A team of scientists in Portugal has discovered, in the mouse gut, a novel process that protects the bowel’s lining against inflammation and microbial aggression – and fights them when they arise. And, most surprisingly, they have shown that this mechanism is under the control of the intestinal nervous system – the so-called “second brain”.
The sheer size of the network of nervous cells that reside in the vertebrate gut has earned it that nickname in recent years. Now, judging by the research led by Henrique Veiga-Fernandes, at Instituto de Medicina Molecular, in Lisbon, it appears that it is actually a well-deserved one. The results are published today (July 13th) in Nature magazine.
“Our study reveals that the nervous system acts as the ‘eyes and ears’ of the immune system”, says Veiga-Fernandes, who is currently moving his lab to the Champalimaud Centre for the Unknown (also in Lisbon). “Nervous cells receive alerts from the gut and then give specific instructions to the immune system to repair the damage.”
It is already known that there is a relationship, a dialog, between neurons in the gut and the immune system. In particular, a study published very recently by a team at Rockefeller University (USA) showed that certain neurons can induce a type of immune cells (macrophages) to produce substances that protect the gut.
But Veiga-Fernandes’ team has gone further: “What is totally new in our work”, he says, “is that not only did we discover the phenomenon, but we also described the molecular mechanisms at play”.
It all started when he and his colleagues identified the presence of a receptor protein, called Ret, on the surface of a type of immune cells called innate lymphocytes (lymphocytes are white blood cells), which are among the most important regulators of inflammation and infection at mucous membranes. Ret acts, in fact, as a switch which can be turned on or off by the signals it receives.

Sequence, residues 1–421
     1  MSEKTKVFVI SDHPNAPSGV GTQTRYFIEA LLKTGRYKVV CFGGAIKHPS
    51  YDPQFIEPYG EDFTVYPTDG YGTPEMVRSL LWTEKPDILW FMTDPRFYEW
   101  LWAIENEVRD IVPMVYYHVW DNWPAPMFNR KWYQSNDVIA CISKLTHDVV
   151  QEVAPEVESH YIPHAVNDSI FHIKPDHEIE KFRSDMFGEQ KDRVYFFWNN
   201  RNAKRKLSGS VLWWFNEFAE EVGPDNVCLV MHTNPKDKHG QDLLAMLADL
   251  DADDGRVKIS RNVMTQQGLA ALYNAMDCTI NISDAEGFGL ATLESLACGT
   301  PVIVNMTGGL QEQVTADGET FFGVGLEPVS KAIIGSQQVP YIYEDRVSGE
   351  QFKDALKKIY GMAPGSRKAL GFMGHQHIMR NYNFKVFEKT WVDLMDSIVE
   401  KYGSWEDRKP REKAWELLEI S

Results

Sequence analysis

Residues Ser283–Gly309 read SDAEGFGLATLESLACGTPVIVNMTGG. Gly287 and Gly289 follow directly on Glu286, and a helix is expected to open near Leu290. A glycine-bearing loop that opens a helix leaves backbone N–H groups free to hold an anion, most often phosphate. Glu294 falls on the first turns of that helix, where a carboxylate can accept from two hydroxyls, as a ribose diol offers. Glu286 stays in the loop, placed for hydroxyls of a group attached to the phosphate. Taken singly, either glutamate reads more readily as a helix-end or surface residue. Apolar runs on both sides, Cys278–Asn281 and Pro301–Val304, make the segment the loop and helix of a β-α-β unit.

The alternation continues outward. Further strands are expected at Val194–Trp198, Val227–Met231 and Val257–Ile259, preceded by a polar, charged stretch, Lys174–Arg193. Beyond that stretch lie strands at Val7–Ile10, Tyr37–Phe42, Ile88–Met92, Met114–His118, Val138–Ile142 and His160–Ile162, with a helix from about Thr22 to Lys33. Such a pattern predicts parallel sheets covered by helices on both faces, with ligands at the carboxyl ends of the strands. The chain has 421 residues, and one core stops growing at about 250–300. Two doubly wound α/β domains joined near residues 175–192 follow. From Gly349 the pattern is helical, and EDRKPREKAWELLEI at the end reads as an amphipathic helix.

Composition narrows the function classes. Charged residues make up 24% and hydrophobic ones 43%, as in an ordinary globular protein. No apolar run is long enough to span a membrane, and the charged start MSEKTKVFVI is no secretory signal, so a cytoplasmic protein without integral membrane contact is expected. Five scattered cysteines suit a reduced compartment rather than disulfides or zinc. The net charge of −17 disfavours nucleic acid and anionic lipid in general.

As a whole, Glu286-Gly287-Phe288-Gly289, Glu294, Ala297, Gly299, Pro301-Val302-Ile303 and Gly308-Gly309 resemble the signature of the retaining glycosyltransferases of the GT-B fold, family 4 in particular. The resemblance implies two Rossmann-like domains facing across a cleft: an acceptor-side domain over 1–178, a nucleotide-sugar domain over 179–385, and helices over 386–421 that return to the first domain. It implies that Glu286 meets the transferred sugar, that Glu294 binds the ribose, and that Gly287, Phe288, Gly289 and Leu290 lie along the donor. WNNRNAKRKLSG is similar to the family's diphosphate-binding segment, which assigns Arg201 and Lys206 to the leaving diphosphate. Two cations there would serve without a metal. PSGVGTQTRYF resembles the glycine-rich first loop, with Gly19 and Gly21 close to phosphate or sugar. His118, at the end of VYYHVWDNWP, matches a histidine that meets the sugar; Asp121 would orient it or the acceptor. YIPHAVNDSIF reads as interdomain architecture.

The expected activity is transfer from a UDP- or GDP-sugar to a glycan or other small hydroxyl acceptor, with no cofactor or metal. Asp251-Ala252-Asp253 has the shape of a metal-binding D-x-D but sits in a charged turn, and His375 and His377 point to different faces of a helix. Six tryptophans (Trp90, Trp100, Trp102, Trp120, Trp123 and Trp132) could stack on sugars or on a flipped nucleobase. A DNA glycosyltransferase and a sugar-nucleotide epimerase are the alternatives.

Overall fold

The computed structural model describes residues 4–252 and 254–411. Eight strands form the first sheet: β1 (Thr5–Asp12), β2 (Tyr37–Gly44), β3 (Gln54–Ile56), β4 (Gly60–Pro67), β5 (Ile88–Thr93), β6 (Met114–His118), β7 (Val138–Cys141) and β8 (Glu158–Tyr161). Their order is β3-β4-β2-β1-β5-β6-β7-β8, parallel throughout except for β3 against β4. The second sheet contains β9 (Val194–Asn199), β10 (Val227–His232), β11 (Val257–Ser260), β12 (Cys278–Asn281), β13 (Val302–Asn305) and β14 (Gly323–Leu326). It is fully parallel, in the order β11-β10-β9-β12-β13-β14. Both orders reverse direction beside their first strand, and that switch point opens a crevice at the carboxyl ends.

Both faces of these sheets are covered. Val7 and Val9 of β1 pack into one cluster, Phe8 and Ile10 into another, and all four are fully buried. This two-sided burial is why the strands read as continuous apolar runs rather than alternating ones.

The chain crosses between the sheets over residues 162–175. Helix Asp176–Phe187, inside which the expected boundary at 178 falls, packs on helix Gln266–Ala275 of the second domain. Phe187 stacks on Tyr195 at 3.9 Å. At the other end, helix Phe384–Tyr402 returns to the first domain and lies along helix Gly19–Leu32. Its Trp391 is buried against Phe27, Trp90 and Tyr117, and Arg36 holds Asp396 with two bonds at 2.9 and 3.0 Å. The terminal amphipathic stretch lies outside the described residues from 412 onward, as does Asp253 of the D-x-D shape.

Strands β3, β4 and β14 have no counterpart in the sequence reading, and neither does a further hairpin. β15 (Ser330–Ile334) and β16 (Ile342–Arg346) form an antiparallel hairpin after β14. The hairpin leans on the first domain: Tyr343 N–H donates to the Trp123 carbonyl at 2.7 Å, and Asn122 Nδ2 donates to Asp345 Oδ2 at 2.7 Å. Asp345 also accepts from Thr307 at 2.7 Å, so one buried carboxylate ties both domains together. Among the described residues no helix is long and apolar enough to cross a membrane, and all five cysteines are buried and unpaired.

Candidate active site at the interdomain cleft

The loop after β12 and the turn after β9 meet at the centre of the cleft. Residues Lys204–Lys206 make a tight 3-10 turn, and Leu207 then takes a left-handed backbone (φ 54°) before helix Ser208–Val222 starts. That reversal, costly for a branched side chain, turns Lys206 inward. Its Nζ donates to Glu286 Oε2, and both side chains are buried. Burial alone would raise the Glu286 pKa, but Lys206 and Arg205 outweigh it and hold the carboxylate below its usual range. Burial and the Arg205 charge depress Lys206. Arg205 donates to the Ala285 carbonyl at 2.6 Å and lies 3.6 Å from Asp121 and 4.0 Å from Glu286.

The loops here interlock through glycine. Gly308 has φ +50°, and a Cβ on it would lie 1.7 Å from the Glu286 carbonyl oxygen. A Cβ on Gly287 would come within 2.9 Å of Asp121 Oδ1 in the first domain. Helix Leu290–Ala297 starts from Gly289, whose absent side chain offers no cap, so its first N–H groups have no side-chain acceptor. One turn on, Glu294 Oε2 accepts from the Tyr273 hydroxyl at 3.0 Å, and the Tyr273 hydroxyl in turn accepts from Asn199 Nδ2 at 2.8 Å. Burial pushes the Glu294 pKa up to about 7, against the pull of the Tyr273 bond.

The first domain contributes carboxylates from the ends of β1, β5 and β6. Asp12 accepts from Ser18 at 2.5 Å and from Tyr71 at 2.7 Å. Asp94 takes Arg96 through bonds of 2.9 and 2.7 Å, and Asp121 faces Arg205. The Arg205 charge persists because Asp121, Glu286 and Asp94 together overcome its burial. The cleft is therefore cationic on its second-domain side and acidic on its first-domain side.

Lymphocytes parading as neurons
Scientists also knew that the same Ret protein is present on the surface of nervous cells in the gut, where it regulates the function of these cells by picking up, as if it were an antenna, chemical signals (called neurotrophic factors) coming from outside the cells. “Suddenly, we were seeing a type of lymphocytes parading as neurons”, says Veiga-Fernandes. “This was a big surprise. What was the Ret protein doing on those lymphocytes?”
To try to elucidate this enigma, the team started by locating the innate lymphocytes that expressed the Ret receptor in the gut of laboratory mice, which had been genetically modified so that their cells glowed green when carrying Ret on their surface. And they discovered that, immediately beneath the intestinal mucosa, there are, in fact, thousands of cellular clusters, each containing 100 to 200 innate lymphocytes expressing Ret.
The next step consisted in determining what could be the function of the protein in those lymphocytes. “We then showed that the Ret protein controls the production, by the innate lymphocytes in the gut, of interleukin-22 (IL-22), a molecule that is extraordinarily important for the repair of the gut epithelium [or wall]”, says Veiga-Fernandes.
In fact, they confirmed that transgenic mice which did not express Ret on their innate lymphocytes had an altered intestinal epithelium that was less able to regenerate and to express the genes that promote repair.